Contrary to popular belief from skeptics on the internet, it is possible to get from Magic Kingdom to another park like Disney’s Hollywood Studios without breaking the laws of physics.
Parkeology Challengers are only allowed to use transportation mechanisms that are available to the average guest. But going through the TTC — with its gauntlet of trams, bag check lines, slow-moving monorails or mile-long boat trips across the Seven Seas Lagoon — just might be the worst of them.
The Contemporary Hotel is within walking distance of the Magic Kingdom. And from there, transportation works just like any hotel anywhere else in the world. Not just Disney buses, but taxis and Uber too.
When Ted and I first did the challenge, we thought it was pretty clever. Now nobody is messing with monorails.
Two guards staff the tiny bag check on the Contemporary walkway when we approach. It is not yet 7am. They hold us there.
This gives us time to read the security fine print. Did you know that miniature horses are the only other service animal besides dogs that are allowed in the parks? Someday I hope to spot one. They say it’s happened.
A small crowd starts to accumulate, including another challenger who was running the same day and a British group insisting that they are “there for the tour.”
Well okay then.
The guard gets the call and waves us through. Kristina and I sprint through the metal detector straight into a rank cloud of swamp gas next to the monorail pylon. The railroad is down for refurbishment, where they’re apparently exhuming the grave of Swamp Thing along the turn from Space Mountain to Main Street.
We are poised to be first in line … but instead we stop at the restroom again. For all you bathroom people that want to know. Seriously, why are you so interested?
By the time we make the turnstiles, we are already behind two other challengers. The great irony of course is that we are all ridiculous. Literally none of us is heading for a mega ride first.
Yes, we are all up at the crack of dawn to hit the least popular ride on property. The Main Street Vehicles (MSV). A Parkeology Challenge poison dart that can end your challenge day before you even know you’re dead.
They run only for an hour or two each day. Then they evaporate into thin air. None of us are taking any chances this day.
They let us through the turnstiles sometime just before 7:30, but hold us at the train station tunnel until closer to official opening time. Kristina and I aren’t worried. We had followed this exact procedure during a test run the previous Saturday. They would let everyone into the park about 7:43 and the Main Street Vehicles would be waiting. We’d have one ride completed before the rest of the park even opened.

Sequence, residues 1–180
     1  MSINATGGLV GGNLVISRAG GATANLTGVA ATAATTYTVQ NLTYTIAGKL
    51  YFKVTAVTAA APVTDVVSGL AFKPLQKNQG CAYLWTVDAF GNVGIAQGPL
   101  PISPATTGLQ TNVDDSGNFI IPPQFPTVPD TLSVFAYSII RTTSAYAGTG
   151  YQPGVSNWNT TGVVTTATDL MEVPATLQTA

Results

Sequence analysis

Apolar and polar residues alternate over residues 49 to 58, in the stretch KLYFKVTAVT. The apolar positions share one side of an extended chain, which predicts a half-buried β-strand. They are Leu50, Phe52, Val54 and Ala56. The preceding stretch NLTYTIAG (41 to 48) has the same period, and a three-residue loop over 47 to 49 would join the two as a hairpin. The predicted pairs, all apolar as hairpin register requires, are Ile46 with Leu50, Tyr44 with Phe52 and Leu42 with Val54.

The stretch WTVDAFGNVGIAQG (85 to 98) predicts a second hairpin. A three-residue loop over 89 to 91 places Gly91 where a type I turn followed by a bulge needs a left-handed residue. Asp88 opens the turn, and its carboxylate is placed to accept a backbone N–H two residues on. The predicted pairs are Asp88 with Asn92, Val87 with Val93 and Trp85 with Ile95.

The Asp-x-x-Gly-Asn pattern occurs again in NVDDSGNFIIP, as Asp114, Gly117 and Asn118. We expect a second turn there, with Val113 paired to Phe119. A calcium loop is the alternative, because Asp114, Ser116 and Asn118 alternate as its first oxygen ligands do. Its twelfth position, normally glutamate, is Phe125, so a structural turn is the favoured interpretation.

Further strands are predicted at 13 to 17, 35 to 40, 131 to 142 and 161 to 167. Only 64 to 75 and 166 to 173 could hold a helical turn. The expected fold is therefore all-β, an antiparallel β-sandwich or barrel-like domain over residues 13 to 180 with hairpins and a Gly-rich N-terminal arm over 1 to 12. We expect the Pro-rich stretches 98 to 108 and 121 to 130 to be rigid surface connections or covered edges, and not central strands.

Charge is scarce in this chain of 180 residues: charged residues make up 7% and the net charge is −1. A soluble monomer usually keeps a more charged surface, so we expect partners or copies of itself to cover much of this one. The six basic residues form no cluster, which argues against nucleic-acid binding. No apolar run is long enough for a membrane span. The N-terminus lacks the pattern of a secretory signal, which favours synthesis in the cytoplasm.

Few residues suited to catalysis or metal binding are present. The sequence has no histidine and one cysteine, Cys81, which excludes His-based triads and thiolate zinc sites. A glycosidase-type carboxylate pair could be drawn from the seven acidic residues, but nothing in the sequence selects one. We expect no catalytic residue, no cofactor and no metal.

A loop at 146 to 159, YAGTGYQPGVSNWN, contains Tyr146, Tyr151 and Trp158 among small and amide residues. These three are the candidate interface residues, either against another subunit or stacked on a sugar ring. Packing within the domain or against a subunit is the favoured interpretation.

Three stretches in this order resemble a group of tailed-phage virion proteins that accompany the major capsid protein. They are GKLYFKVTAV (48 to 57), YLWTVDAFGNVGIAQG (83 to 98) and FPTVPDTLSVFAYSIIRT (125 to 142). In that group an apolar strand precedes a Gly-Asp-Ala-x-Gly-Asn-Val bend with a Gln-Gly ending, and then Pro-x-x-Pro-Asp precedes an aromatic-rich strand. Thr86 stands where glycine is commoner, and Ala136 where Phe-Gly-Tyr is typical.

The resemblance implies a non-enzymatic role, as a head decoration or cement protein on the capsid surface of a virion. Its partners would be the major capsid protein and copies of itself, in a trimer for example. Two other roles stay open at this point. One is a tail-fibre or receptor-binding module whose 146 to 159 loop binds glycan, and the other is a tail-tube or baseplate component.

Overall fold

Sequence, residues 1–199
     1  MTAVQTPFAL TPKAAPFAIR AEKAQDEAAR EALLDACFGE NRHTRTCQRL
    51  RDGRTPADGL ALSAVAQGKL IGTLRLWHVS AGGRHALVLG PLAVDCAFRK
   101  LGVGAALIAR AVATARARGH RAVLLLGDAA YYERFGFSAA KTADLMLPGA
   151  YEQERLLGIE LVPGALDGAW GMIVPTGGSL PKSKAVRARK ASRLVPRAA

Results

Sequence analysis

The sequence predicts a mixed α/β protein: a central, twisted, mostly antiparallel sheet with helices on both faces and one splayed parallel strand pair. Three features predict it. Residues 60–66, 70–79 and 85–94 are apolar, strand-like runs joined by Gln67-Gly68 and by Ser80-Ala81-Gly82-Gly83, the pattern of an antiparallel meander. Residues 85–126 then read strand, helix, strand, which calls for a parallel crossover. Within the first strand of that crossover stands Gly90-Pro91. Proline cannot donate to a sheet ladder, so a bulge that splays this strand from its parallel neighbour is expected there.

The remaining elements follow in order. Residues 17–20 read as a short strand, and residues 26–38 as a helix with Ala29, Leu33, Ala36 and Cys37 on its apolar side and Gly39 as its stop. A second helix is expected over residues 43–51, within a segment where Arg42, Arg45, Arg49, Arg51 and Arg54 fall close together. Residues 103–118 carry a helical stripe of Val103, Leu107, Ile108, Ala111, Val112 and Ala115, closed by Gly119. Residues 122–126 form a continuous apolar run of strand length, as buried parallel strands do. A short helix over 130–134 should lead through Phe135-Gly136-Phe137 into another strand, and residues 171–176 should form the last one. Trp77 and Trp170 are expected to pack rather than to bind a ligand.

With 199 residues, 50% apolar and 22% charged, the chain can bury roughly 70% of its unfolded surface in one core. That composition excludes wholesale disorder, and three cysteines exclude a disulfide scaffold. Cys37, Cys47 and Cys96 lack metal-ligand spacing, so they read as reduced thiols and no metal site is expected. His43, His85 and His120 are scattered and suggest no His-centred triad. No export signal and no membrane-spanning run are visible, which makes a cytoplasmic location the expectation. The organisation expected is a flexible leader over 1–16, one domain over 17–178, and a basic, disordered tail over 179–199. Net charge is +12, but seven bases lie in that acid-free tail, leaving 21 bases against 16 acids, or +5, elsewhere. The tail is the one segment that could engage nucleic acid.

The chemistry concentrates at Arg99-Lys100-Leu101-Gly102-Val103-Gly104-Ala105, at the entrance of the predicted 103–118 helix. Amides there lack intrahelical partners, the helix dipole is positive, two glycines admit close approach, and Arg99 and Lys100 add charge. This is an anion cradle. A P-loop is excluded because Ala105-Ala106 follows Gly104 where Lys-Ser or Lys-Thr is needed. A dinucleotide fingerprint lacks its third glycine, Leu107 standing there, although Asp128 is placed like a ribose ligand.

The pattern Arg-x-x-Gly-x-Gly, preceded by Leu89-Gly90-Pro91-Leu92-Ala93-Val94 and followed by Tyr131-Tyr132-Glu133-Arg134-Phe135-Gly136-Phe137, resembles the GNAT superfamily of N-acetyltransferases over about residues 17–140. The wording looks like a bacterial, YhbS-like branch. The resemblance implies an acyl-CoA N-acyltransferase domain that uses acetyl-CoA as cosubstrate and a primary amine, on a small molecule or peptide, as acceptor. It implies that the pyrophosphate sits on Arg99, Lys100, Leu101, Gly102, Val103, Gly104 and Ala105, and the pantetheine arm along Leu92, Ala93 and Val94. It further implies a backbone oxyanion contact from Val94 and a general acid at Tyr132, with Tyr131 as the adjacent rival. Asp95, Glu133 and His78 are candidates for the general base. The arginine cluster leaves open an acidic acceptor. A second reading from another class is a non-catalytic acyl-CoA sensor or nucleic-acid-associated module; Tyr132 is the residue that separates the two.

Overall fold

We catch glimpses of the MSV warming up on the track, like a bunch of ridiculous over-confident marathoners who would all get cramps an hour after starting — a fire engine, a horseless carriage, the lumbering Omnibus. They circle Town Square before disappearing out of view. A plethora of options. No sweat.
7:43 comes and goes. By 7:50, we’re still holding at the train tunnel, watching group after group of cheerleader tours waved through. We also see the British group. They were, after all, “there for the tour.”
When they finally let us in at 7:53, we rush into Town Square to find it completely deserted. No MSV to be found.
They must have repositioned them down at the Hub. We run down Main Street and search frantically.
We have a quick conversation. It was almost time for official rope drop. Did every single Main Street Vehicle get a flat tire? Do we hit a ride then come back? Does Disney monitor Parkeology runs and take away vehicles out of spite?
We decide to go back to Town Square to see if we can get a status on the vehicles. We dash back to the barn to find @Disneymw, one of the other challengers, also searching. Everyone else had moved on. Back at Cinderella Castle, the cheery opening show begins — some jerk mouse and his obnoxious buddies counting backwards from ten.
Flashback. November 2014. Team Parkeology is hoping to become the first to ride every ride at Walt Disney World in one day. First on the list: Toy Story Mania. They race to the ride to be the very first in line. Just one problem. Delayed opening. Turmoil. Dreams up in smoke.
We track down a CM, who brusquely tells us the Vehicles would be out later after the park opens. If he had a mustache, he would have twirled it and cackled.
We ask him to go check. He rolls his eyes. He hems. He haws. Then he mutters something under his breath and disappears.